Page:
Hail stones lacerate leaves, defoliate branches, remove twigs, bruise or
break the bark of twigs and small branches, and kill small trees.
In extreme cases the bark may be pounded off on the windward side of stems.
Bruises and wounds tend toward elliptical shapes and vary in length from
1/16th of and inch to four inches or more. All stem wounds occur
on the side of the tree facing the storm. Hail wounds on branches
can occur on the upper or lower sides of the branches, depending on how
strong the wind was.
All tree species in the locality display similar symptoms, although
the severity varies among species. For example, a hail storm last
summer in a young, mixed conifer plantation caused considerable damage,
but it varied by species. Hail stones simply broke the needles off
the leader and some upper branches the red pines, knocked the needles and
fascicles off the jack pines but stripped needles off the white pines and
lacerated and bruised the bark all the way down to the lowest whorl of
Bruised bark may crack after the storm as the result of drying and mechanical
stress from woundwood growth at edges of injured areas. Bruises or
wounds result in dieback of twigs and branches if tissues around
the injuries dry out. Severe hail wounds may coalesce and kill all the
bark on one side of a stem. Dieback and infection by decay and canker fungi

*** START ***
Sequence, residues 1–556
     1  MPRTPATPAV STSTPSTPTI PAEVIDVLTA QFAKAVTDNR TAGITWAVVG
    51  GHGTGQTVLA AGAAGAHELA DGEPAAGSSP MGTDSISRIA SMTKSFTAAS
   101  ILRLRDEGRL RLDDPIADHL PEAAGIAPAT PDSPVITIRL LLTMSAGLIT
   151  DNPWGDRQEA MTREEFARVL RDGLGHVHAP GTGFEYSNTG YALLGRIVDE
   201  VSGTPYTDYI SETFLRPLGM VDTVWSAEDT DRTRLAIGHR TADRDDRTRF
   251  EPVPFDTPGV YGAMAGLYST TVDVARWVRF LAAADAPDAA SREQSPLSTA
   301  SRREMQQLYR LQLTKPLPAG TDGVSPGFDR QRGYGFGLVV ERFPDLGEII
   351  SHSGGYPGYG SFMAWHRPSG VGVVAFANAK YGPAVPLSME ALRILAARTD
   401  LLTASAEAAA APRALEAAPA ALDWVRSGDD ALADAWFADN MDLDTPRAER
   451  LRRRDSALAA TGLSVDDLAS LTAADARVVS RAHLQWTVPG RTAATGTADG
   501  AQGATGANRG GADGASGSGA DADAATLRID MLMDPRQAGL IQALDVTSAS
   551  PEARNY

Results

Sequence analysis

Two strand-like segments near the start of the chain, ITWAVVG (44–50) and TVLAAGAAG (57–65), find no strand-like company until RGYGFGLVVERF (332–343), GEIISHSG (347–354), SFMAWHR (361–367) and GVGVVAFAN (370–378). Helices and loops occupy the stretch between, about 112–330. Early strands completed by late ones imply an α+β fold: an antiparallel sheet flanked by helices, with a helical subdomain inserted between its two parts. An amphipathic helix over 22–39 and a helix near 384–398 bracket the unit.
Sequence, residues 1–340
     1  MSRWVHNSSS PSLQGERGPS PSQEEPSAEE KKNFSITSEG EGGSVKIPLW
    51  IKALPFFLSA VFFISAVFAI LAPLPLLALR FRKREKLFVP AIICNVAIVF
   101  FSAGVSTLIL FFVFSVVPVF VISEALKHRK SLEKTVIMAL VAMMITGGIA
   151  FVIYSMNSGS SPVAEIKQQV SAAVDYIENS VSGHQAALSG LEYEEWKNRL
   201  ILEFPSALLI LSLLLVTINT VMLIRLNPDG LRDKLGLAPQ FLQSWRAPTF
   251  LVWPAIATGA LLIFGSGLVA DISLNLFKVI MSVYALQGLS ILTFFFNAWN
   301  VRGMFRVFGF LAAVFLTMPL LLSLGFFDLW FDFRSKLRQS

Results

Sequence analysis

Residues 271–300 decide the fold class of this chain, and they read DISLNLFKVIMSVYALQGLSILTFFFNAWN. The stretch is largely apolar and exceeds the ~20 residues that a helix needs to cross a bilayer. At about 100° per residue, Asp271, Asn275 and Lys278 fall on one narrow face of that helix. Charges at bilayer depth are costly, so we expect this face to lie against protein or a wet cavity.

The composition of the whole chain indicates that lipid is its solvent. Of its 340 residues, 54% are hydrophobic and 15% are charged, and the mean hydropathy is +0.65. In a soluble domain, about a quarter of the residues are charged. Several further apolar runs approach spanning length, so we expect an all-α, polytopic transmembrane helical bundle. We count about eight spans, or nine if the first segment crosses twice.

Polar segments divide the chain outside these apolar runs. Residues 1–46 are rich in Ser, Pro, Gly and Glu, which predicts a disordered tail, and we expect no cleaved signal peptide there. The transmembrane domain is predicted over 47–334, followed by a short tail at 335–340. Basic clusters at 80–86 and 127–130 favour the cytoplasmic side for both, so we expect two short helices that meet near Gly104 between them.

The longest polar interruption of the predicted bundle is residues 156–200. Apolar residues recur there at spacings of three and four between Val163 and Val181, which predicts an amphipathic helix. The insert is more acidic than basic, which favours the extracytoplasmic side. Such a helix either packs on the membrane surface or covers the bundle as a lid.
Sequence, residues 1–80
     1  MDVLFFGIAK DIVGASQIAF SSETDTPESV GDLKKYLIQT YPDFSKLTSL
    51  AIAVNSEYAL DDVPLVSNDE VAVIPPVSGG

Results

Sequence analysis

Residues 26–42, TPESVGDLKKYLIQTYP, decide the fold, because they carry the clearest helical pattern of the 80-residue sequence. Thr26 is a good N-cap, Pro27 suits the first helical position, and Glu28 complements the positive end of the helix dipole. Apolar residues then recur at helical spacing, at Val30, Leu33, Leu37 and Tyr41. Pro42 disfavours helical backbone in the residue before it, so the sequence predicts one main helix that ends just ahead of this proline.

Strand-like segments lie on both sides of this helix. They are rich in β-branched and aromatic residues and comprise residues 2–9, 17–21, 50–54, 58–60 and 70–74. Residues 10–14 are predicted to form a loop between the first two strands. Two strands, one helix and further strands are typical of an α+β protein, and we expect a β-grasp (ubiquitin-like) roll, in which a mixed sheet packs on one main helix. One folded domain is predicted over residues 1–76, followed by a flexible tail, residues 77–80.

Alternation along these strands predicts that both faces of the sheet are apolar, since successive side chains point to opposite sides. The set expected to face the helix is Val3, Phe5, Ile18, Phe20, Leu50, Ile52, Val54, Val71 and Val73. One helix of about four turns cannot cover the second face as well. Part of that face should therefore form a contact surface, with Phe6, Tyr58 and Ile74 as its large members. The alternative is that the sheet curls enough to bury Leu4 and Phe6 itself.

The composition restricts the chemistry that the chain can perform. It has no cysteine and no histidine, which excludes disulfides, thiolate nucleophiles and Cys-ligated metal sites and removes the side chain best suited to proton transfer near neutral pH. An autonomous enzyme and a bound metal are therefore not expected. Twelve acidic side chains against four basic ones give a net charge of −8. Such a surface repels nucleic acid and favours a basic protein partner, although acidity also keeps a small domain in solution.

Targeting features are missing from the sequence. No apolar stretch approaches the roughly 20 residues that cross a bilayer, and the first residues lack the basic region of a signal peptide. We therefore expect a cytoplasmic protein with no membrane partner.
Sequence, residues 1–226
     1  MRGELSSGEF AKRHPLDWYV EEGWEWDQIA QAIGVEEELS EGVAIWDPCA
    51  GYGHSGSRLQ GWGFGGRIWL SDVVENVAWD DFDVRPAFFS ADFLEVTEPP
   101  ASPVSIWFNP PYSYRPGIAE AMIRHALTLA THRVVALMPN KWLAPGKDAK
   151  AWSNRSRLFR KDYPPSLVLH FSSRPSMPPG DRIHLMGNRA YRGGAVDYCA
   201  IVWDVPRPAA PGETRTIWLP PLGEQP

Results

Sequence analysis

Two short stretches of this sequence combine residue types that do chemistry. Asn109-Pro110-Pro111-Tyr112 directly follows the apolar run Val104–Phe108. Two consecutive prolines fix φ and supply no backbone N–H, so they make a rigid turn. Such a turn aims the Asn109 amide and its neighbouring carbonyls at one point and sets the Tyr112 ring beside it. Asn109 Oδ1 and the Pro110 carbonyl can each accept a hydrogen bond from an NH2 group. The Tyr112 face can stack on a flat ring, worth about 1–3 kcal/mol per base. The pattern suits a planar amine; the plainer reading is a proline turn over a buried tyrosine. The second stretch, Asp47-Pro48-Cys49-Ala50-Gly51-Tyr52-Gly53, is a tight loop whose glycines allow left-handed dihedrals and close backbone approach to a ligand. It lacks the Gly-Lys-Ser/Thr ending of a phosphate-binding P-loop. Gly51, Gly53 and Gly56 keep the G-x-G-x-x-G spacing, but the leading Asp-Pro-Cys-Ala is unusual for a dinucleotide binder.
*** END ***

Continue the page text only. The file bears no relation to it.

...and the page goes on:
are more likely if injury occurs during dormancy rather than during
the growing season. Severely damaged trees may also become susceptible
to invasions by various insects.
A canker-rot of maple
Cerrena unicolor is one of several canker-rot fungi that infect
maple and many broadleafed trees weakened by fire, sunscald, dense shade,
top breakage, flooding, repeated defoliation, root damage or other environmental
factors. In central Minnesota, Cerrena it has been seen on sugar maple,
especially on smaller trees, one to three inches in diameter.
C. unicolor can gain access to trees through fresh wounds or its spores
can be carried through the bark by horntails or woodwasps. If the
tree is already stressed or weakened, it overcomes defensive responses
and kills and decays nearby sapwood. As this fungus girdles the cambium
and digests the sapwood, the tree parts above it die. It is a common secondary
factor in the decline of sugar maple, often causing relatively sudden death
of major limbs or the tree tops. Sprout clumps on a common root system
seem particularly vulnerable
Fruiting bodies are usually produced on killed bark during the summer,
the first year after the cambium dies. They are often found in clusters.
The upper surfaces of the fruiting bodies are hairy white to greenish gray
and are concentrically ridged. Their lower surfaces are tan or white
and have irregular pores.
Maple sugarbush owners who try to maintain vigorous, wound-free trees
and promptly remove infected ones should be able to reduce the incidence
of this disease.